Europe really, really doesn’t like Google.
At least, that’s the message that has been sent by increasingly strict European Union rules on how search engines can operate, such as this summer’s “Right to Forget” court decision. But such rulings seem like minor speed bumps compared to the EU’s latest proposal: break Google in half.
The decision came late last week in the form of a resolution to split search engines off of their parent companies. The resolution, which passed by an overwhelming 2-to-1 majority, doesn’t call out Google by name—but as the market leader that dominates the European tech scene, it’s understood who the bill is aimed at.
Why Europe and Google Don’t Get Along
Despite the political rancor, Google and Europe actually do get along—at least, consumers/search users in European countries love the American search giant, which is part of the problem. European regulators view Google as a dangerous monopoly, one that’s hurting their own economy.
American media like to say that the EU is anti-Google ever since the Snowden affair, when it was revealed that American tech companies acted (as required by law) as surveillance vehicles for the U.S. government. That’s definitely a major sticking point for Europeans, but the political battery against Google has much deeper roots:
- Government surveillance aside, Europeans are much less trusting of big data generally. Collecting massive amounts of data on users, even if it’s just to target ads or improve mapping services, is viewed with great suspicion.
- Google doesn’t just dominate one market in Europe, it dominates two: Google’s Android is far and away the most common mobile OS in the EU.
- While Google also has market dominance in the U.S., other American companies compete successfully against it. Microsoft, Apple and Yahoo all pose respectable threats to Google either in the realm of search, mobile, or both. Europe has yet to produce major tech firms that can challenge Google on either front.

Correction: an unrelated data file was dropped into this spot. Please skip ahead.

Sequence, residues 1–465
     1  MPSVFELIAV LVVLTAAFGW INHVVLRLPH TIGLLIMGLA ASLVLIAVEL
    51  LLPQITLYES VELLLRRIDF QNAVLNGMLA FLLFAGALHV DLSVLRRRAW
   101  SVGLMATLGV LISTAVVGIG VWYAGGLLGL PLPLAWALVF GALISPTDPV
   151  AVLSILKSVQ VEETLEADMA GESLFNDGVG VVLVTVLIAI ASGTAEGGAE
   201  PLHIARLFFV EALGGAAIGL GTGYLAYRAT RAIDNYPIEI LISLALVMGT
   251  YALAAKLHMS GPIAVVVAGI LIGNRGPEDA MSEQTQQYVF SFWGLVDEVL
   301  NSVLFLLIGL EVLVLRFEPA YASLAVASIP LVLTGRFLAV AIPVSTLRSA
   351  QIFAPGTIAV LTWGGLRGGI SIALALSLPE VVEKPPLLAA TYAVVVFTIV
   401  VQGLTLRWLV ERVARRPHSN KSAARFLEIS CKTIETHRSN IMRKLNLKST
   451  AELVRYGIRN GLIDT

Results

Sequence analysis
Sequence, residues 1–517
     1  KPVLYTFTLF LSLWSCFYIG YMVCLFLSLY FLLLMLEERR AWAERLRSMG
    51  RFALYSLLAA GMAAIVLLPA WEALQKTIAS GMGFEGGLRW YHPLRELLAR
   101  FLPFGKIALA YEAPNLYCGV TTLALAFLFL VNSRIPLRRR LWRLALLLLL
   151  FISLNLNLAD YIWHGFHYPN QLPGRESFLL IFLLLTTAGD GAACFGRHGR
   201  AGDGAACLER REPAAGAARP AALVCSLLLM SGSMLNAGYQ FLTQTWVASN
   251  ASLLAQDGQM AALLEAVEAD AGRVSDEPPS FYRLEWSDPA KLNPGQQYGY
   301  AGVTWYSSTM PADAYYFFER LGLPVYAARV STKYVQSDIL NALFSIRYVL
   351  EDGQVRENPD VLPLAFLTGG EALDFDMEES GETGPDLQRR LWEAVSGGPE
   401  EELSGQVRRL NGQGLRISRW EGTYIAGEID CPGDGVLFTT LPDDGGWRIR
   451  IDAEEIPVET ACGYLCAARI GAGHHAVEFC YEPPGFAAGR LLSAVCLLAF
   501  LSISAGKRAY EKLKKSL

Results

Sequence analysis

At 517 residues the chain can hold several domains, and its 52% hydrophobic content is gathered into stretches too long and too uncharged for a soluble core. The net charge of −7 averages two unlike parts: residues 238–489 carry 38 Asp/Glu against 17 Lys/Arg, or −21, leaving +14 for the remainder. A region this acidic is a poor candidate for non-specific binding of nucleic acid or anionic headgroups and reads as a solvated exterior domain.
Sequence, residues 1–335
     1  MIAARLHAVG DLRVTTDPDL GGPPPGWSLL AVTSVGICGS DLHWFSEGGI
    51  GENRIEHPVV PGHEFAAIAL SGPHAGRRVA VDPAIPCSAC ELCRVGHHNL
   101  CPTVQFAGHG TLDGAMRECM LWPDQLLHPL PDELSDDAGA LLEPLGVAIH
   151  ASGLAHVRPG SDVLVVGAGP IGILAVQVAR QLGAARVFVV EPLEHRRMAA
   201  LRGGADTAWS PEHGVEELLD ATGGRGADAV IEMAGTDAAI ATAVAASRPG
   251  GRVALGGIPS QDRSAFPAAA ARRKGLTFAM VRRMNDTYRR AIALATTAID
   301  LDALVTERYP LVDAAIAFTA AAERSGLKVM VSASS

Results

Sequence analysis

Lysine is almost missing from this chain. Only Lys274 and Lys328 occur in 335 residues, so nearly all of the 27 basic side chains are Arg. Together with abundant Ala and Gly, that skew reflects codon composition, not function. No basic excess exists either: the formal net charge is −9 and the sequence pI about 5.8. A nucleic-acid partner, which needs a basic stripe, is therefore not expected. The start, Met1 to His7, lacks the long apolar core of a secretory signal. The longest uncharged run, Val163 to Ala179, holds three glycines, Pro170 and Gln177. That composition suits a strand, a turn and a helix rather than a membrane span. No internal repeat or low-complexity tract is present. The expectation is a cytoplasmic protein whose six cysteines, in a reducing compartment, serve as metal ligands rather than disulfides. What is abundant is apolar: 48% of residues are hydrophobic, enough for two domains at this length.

Of course, when European governmental leaders are calling to break up American companies, it’s important to look at their own motivations. As you might guess, fledgling European tech businesses would enjoy a little extra sunlight if the Google forest were chopped down. And at least one of the European Parliament members who spearheaded the resolution had a clear conflict of interest.
A Resolution on Paper Only
No matter what the motives, this new resolution looks pretty bleak for Google. Or does it? The resolution is non-binding, meaning it’s basically a recommendation from the European Parliament for a second international entity, the European Commission (EC), to consider taking action.
The EC has its own antitrust office, which will take the new resolution into account. But the EC has already tried multiple times to settle the Google issue, and each attempt has failed because of clamoring for even more extreme measures.
We wouldn’t expect this resolution to go nowhere—the EU almost certainly will impose more regulations on Google sooner or later—but don’t expect a Windows/Internet Explorer style court battle anytime soon.